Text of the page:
"They're talking to strangers when their goal should be to get 50 percent of their new business from patients they already have. Stimulating this income stream costs a fraction of what it costs to advertise," says Karen Zupko, president of Karen Zupko Associates, a Chicago-based practice management firm.
With the mushrooming popularity of injectables and less invasive procedures, cosmetic surgery has become more markedly dependent on repeat business. The public now starts anti-aging treatments at younger ages than in the past, often in their 30s, allowing for potentially 30 or 40 years of continued treatment.Importance of trust
Cosmetic surgeons are completely dependent on their patients' trust to stay in business, particularly because they provide a service tied in to one of humankind's most complex and volatile character traits: vanity.
A marketing strategy should acknowledge this by placing a major emphasis on building relationships. Bringing in new, potential patients is the least of a surgeon's concerns. It won't turn the practice into a self-perpetuating business because there exists no such ad that, on its own, inspires real trust.
Internal marketing is key
The type of marketing that will cultivate relationships with current patients is internal marketing. By turning satisfied patients into loyal fans, surgeons can capture all the repeat business and referrals they deserve.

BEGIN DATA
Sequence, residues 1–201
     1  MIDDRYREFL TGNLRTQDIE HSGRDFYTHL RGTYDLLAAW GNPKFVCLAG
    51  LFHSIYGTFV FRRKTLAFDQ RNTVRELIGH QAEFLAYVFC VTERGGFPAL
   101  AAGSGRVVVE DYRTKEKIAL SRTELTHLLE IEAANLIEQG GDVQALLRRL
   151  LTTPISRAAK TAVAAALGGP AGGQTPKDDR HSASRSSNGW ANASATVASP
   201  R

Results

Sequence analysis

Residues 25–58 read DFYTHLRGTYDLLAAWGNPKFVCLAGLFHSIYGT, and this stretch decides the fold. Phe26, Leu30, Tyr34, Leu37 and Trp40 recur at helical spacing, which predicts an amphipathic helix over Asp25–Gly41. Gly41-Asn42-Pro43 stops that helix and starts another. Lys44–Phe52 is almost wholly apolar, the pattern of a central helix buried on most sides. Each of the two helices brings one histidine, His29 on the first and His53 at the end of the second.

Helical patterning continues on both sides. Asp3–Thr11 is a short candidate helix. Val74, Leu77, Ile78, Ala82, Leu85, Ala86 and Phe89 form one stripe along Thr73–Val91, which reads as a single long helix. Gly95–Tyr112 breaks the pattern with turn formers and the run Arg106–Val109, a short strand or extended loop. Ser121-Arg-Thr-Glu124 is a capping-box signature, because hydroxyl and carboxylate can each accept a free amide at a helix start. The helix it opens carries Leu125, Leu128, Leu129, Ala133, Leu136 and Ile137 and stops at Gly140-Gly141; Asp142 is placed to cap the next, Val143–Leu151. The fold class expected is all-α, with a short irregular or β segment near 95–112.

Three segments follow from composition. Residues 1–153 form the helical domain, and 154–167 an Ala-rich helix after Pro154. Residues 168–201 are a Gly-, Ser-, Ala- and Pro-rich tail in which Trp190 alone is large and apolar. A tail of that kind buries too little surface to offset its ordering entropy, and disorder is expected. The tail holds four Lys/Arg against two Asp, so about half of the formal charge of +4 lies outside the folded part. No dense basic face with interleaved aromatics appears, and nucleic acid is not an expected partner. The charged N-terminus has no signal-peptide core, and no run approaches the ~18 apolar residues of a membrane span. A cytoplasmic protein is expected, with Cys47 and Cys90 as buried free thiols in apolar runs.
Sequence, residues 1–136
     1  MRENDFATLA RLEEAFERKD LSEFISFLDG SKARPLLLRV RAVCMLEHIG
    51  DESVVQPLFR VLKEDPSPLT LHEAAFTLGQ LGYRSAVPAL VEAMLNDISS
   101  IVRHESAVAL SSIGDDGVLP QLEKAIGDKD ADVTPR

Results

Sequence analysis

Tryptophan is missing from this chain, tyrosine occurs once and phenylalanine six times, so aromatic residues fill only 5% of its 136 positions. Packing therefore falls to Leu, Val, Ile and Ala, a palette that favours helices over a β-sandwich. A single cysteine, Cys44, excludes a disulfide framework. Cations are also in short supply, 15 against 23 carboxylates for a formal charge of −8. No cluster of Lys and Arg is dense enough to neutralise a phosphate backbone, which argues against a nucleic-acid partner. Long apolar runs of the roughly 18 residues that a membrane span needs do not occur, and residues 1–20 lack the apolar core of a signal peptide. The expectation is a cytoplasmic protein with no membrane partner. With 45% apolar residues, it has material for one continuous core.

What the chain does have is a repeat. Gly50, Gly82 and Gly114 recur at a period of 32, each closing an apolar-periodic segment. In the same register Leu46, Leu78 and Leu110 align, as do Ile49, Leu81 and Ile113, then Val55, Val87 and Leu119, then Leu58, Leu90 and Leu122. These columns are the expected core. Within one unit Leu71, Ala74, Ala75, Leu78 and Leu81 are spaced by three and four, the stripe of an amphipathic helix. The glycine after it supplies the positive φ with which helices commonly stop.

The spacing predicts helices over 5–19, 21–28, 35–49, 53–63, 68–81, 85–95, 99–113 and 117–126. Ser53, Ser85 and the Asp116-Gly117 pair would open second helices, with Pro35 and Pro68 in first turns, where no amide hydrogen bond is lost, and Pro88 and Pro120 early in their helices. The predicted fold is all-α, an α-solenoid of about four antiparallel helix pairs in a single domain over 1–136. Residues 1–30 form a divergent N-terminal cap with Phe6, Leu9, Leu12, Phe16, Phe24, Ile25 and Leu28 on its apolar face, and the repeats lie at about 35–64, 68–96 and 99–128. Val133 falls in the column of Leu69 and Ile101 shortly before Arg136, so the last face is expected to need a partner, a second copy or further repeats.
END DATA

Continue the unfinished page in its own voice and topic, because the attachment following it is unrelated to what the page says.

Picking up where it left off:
The only way to build relationships is the old-fashioned way, through contact. This includes:
Internal marketing vs. advertising
The good news is that internal marketing costs only pennies on the dollar compared to advertising.
According to Ms. Zupko, staff training also is a form of marketing. She says, "You already have an office staff. What does it cost to hold staff meetings that make sure everyone's up to snuff on phone etiquette, aware of the patient schedule and prepared to address every patient — by first name — who comes in?"
Follow-up phone calls are also an easy way to reassure patients, she says. "It's been documented that depression is common during the two weeks right after surgery. Follow-up phone calls of encouragement and reassurance during that time have a profound effect on how patients perceive you. Again, it costs nothing."
Computer systems also have potential that cosmetic surgeons often do not use fully. Most practitioner scheduling software can be programmed to automatically notify patients by e-mail when they are due for repeat procedures, such as Botox (Allergan) and facial fillers.